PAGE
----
The weather outside might still be frightful, but spring is just around the corner and that means…
A's Notes: Johnson's Future Tied To Sweeney?
The A's always have liked Johnson, who was the team's seventh-round pick in 2001 out of the University of Nebraska. Johnson rose through the Oakland system relatively quickly, reaching the major leagues 2005 after winning the PCL MVP award in 2004 with Triple-A Sacramento.
Since making the A's major league roster, Johnson's playing time has been erratic at times. He was a regular starter for the A's during his rookie season in 2005, when he had an 806 OPS in 109 games after a mid-season recall to the bigs. He entered the 2006 season as the team's starting first baseman, but he lost his job to Nick Swisher when he struggled out of the gate. He hit only .234 with a 704 OPS in 91 games for Oakland in 2006.
Last season, Johnson began the year on the DL with a torn hip flexor and then had to share time with Swisher at first and Jack Cust and Mike Piazza at DH. He hit only .236 in 117 games, but his power numbers were better and he had 18 homers and a 767 OPS in 416 at-bats. He also walked 72 times against 77 strike-outs, both career-highs.
Sweeney has hadn't great success over the last two years either. Back and knee injuries have limited him to 134 games in 2006 and 2007 combined and he finished those two years with 790 and 719 OPSs, respectively. However, Sweeney brings something that none of Oakland's other first basemen-DH types can provide, a right-handed bat. The A's particularly could use more of a right-handed threat in the middle of the order, where Sweeney's former Royals teammate, Emil Brown, is currently the primary option.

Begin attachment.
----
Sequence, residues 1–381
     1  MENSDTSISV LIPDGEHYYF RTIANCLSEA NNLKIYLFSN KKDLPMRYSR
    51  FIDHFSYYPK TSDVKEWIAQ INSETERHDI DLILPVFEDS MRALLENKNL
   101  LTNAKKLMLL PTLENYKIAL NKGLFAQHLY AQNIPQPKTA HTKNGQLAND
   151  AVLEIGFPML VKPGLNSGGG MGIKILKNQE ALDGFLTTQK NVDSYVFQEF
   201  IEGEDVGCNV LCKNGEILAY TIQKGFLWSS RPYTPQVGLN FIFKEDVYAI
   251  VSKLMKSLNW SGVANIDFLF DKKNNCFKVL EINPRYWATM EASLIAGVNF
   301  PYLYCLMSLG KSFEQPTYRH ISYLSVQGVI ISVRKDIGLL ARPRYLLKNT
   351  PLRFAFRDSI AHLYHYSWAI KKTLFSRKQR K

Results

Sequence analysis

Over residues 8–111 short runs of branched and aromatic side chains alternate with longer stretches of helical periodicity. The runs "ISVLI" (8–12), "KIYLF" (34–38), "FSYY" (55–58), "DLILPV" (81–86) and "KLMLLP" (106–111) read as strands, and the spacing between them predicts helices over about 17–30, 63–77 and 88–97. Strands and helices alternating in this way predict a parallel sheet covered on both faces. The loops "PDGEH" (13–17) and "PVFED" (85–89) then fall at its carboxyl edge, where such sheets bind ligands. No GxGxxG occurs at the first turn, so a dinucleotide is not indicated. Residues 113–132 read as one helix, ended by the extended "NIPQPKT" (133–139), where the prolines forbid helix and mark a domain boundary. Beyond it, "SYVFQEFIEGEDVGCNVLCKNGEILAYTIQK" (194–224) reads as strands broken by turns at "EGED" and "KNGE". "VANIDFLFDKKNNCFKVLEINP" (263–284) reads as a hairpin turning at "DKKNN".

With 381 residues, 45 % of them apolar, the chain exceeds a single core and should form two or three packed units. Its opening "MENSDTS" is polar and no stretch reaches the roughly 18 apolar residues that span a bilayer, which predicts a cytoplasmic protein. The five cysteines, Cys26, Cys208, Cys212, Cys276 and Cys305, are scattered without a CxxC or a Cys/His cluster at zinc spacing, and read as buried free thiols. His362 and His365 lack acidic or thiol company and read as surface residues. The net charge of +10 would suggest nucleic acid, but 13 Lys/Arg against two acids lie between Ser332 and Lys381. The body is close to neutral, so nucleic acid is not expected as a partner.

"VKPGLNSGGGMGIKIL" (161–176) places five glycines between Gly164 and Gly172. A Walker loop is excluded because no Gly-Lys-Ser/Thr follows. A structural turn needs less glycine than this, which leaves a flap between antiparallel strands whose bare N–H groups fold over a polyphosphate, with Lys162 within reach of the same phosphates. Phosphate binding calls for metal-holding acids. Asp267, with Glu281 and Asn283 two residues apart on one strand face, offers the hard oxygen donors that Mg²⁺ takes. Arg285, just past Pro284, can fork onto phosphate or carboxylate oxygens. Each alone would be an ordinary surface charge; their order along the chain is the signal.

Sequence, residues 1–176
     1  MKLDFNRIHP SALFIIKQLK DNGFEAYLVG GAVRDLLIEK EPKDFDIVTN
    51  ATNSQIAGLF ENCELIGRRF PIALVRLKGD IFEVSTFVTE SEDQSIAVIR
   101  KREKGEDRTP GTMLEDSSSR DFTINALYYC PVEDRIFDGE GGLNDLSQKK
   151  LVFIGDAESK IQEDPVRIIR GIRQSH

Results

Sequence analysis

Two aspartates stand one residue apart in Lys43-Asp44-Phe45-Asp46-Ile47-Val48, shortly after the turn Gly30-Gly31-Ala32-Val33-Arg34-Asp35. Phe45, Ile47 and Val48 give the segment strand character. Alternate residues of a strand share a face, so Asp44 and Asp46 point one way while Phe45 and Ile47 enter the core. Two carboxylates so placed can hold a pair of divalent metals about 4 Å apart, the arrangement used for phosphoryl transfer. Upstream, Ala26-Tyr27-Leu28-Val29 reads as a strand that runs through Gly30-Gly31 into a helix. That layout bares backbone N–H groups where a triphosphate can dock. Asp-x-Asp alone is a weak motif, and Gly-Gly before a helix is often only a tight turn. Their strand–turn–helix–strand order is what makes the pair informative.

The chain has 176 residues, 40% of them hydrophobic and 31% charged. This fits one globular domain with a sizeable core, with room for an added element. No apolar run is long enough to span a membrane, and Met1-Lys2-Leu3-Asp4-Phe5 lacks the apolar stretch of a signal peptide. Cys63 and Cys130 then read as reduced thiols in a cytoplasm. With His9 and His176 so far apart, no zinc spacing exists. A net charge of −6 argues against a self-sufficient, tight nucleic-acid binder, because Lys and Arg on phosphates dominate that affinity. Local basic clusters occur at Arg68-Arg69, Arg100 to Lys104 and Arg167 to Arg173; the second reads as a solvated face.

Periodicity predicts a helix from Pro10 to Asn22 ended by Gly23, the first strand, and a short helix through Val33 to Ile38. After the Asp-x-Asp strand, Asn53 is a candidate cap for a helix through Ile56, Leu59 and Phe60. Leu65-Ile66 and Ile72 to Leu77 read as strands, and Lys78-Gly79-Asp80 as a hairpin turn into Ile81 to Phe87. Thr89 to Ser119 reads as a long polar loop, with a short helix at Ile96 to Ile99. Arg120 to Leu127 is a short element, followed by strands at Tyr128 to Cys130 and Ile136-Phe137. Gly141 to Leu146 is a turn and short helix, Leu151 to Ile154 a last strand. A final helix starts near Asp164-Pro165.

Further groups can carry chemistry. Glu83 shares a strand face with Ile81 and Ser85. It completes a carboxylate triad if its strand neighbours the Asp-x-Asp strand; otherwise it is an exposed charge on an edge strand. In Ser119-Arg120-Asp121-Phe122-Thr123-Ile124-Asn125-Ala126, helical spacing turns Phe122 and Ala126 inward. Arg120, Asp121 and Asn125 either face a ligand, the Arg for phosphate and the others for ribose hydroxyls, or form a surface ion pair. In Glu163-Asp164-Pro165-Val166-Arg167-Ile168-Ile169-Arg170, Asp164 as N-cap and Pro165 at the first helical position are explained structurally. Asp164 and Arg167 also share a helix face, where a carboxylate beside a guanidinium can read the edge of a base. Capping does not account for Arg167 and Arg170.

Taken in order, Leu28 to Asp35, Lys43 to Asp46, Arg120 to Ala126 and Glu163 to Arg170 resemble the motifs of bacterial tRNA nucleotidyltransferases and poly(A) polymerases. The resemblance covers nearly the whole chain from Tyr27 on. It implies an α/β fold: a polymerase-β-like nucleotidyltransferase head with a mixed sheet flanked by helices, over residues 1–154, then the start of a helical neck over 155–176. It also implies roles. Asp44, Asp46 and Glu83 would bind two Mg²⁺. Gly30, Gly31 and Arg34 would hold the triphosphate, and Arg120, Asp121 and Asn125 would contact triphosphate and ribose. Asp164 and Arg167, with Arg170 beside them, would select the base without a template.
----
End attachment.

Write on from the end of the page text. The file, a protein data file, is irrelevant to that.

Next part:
Sweeney has to demonstrate that he's healthy. He said his back has never felt better now that he has begun to practice the Egoscue method of exercise and stretching.
If Sweeney appears that he can still be productive, Johnson is likely to be back on the trading block because rookie Daric Barton has been awarded the full-time first base job and Cust is at DH. The Yankees and Twins have had some interest in Johnson in the past, and the Giants are among the teams who might be in the market for a first baseman.
After 17 years in the Kansas City organization, Sweeney was excited to join a new club, and he emphasized that he'd like to be a mentor of sorts to all the young players along with trying to rejuvenate his career, a la Frank Thomas two seasons ago in Oakland.
Other A's Spring Notes
--RHP Rich Harden threw off of the mound on Monday and had a successful session. He threw 40 pitches, including some breaking balls for the first time. He's on track to pitch the second game of the season in Tokyo. He also made some headlines by saying on reporting day that he doesn't like that fact that people in the organization (Harden wouldn't identify them) have been questioning his ability to pitch with pain. Harden has been out much of the past three years with various injuries. Harden decided not to make two starts he was scheduled for at the end of last season, choosing not to risk further injury by rushing back. He called that the smartest decision he's ever made.
--RHP Keith Foulke, signed to a one-year deal with numerous incentives, will help set up closer Huston Street. Foulke's acquisition a week before camp opened led to increased speculation that Street or LHP Alan Embree will be moved at some point this season, especially if Foulke returns anywhere near his previous form.
--RHPs Santiago Casilla and Henry Rodriguez were delayed in reporting to spring training because of visa issues, the team said. Casilla and Rodriguez are two of the hardest throwers in the A's organization, with both featuring fastballs that sit in the high-90s. Casilla has been delayed with visa issues each of the past few springs. Rodriguez is in his first major league camp after being added to the 40-man roster this off-season.
--RHP Angel Garcia, a minor league free agent signing this winter, was delayed in reporting to spring training for personal reasons, the team said.
BY THE NUMBERS: 21 -- The number of non-roster invitees in the A's most sizable spring camp in years. The team can bring 30 players, total, to Tokyo at the end of March.
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